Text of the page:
Improvement of crops with seeds from gene banks
Climate-adapted plant breeding
The famous seed vault in Spitsbergen and national gene banks retain hundreds of thousands of seed samples to preserve old varieties of crop plants and the genetic diversity associated with them. Are these seed banks gold mines or seed cemeteries?
Researchers around the globe are investigating whether retained samples contain genes that have been lost through breeding which could be beneficial in counteracting climate change. A research team led by Chris-Carolin Schön, Professor of Plant Breeding at the TUM, is now presenting a solution to harness the genetic potential of old varieties, so-called landraces.
Since the 1960s, maize has been grown in Europe’s fields mainly in the form of hybrid varieties. Hybrid varieties are developed through a specific breeding scheme and, for example are “trimmed” for high yield per hectare or low susceptibility to pests. In order to breed the best variety, a kit of characteristics is needed that could be relevant both today and in the future. Thus, genetic diversity is the basic prerequisite for breeding improved crop plants.
Hybrid varieties, however, carry only a small selection of traits compared to old varieties, the landraces. The question then is whether in addition to undesirable traits, beneficial traits have been lost in the course of many breeding generations. Therefore, the call for landraces has recently been revived, as they are characterized by high biodiversity and are considered a natural source of new genetic variation for breeding. Genetic variation reflects different variants of a gene and can be recognized by differences in the plant’s appearance.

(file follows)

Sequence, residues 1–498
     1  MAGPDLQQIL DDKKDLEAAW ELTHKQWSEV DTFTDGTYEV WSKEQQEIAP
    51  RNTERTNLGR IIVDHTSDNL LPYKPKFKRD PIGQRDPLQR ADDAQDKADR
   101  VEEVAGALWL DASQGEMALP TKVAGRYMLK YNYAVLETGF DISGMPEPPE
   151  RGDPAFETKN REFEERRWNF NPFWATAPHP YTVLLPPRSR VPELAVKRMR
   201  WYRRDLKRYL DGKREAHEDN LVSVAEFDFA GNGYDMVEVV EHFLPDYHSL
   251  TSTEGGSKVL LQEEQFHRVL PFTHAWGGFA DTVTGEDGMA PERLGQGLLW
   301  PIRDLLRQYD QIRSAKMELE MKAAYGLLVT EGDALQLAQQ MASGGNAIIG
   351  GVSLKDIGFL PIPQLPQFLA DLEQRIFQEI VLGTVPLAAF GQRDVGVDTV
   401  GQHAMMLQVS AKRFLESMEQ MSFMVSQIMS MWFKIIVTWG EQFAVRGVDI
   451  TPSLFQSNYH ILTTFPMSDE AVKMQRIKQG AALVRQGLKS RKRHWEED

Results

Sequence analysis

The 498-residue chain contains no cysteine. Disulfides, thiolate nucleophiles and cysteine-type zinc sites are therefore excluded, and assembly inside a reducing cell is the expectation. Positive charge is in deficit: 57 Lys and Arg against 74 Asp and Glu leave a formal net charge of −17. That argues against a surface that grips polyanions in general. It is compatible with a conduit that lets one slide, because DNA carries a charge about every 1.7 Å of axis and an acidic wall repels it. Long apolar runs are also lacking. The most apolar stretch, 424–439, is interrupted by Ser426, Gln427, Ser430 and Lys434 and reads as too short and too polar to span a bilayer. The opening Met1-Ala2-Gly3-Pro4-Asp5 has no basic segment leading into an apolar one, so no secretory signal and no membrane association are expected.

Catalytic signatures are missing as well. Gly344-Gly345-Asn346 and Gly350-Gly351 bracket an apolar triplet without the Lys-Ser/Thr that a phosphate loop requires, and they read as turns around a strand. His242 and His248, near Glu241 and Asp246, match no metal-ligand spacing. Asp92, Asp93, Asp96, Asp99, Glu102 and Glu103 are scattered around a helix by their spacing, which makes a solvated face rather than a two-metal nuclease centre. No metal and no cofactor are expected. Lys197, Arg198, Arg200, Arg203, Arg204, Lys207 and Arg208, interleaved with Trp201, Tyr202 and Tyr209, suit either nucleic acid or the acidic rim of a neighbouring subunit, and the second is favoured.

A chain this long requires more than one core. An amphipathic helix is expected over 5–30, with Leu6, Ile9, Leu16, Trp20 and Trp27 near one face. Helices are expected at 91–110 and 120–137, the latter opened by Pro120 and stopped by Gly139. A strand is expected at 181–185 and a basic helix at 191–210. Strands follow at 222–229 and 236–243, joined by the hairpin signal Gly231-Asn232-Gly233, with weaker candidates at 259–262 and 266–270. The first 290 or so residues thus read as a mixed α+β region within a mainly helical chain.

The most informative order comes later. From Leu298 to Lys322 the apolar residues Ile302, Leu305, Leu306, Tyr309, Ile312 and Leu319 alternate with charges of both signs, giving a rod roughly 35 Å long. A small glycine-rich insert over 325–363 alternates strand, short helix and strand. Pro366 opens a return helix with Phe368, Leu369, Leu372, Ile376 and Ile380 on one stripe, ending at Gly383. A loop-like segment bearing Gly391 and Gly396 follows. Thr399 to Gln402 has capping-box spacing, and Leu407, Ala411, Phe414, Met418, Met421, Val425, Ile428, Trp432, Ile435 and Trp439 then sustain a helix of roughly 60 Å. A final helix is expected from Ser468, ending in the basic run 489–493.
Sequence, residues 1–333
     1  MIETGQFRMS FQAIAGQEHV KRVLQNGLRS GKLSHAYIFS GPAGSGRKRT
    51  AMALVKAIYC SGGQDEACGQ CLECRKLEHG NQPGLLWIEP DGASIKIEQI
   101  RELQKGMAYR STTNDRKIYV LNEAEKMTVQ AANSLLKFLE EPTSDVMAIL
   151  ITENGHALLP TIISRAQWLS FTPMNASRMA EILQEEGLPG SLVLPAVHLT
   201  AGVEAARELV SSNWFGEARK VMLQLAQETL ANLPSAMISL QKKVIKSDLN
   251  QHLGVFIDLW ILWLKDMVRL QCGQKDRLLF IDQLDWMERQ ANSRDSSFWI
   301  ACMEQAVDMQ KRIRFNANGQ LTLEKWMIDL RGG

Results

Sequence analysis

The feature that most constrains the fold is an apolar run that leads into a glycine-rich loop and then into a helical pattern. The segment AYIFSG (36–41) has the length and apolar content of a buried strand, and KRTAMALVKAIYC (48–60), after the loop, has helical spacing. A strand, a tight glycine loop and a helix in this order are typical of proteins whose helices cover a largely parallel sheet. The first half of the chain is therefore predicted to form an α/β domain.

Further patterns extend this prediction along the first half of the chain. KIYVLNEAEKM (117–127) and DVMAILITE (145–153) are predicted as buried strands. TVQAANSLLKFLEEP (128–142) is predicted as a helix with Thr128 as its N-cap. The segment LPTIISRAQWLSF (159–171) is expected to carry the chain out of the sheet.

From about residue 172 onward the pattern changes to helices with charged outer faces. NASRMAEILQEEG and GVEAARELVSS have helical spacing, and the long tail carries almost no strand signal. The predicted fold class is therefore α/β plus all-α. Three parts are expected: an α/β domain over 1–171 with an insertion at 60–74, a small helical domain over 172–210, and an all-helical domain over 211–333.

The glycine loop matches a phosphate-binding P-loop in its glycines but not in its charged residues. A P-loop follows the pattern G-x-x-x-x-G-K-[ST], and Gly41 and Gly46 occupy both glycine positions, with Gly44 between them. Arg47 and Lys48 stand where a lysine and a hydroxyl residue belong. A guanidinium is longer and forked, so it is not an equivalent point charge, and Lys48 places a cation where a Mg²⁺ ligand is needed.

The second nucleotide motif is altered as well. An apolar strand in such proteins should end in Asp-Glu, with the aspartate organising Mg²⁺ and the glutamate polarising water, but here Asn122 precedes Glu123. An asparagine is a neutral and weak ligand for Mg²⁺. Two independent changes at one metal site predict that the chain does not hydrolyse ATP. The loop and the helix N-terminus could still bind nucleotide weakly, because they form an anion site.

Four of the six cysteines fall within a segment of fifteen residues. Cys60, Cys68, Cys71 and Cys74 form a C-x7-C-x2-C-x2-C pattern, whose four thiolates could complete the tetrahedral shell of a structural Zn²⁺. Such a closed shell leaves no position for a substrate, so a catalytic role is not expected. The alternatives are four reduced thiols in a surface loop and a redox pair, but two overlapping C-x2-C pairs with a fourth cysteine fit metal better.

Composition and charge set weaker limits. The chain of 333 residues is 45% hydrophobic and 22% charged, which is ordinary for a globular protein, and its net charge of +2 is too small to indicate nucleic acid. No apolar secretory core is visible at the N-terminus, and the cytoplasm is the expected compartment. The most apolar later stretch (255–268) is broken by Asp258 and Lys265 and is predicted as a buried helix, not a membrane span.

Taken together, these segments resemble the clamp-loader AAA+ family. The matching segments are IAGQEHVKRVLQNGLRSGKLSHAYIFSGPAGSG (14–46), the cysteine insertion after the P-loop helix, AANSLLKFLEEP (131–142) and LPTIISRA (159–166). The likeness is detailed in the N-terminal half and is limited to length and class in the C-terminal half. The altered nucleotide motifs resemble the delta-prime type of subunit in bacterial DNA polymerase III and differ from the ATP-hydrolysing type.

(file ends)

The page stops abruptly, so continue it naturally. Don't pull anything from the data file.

The early development of young plants is of particular importance in times of climate change. Drought and heat are the conditions most damaging to crops, such as maize, when they occur during flowering. When a plant can be cultivated early in the year because it can cope with cold, it has already left its flowering period behind when temperatures are particularly high in summer. This means that it is less damaged and yield losses can be avoided.
Professor Schön and her colleagues have been examining landrace varieties for cold tolerance characteristics. For this purpose, they have developed a genome-based method of identifying and making targeted use of beneficial gene resources. After a preliminary study, in which the researchers identified the genetic differences of individual varieties, the researchers selected three landraces for cultivation in different locations with varying climatic conditions within Europe.
The research team focused on traits related to early plant development and also took into account the stability of the plant (How well does it withstand wind?) and the growth form (straight or bushy?). Using molecular methods that scan the entire genome, they were able to link the data from the field trials to genes relevant to the specific traits.
“We have shown how to find new genetic variation for important traits in agricultural production. The variation in these traits is determined by many genes and is not sufficiently available in current breeding material,” says Manfred Mayer, lead author of the study. “This opens the door to the development of improved climate-adapted hybrid varieties.”
Manfred Mayer, Armin C. Hölker, Eric González-Segovia, Eva Bauer, Thomas Presterl, Milena Ouzunova, Albrecht E. Melchinger & Chris-Carolin Schön (2020): Discovery of beneficial haplotypes for complex traits in maize landraces. In: Nature Communications.
Scientists of the BMBF-funded project network (PPP) MAZE (University of Hohenheim, KWS Saat SE) were involved in the work. The work was mainly funded by the German Federal Ministry of Education and Research (BMBF) within the scope of the funding initiative “Plant Breeding Research for the Bioeconomy” (Project "MAZE").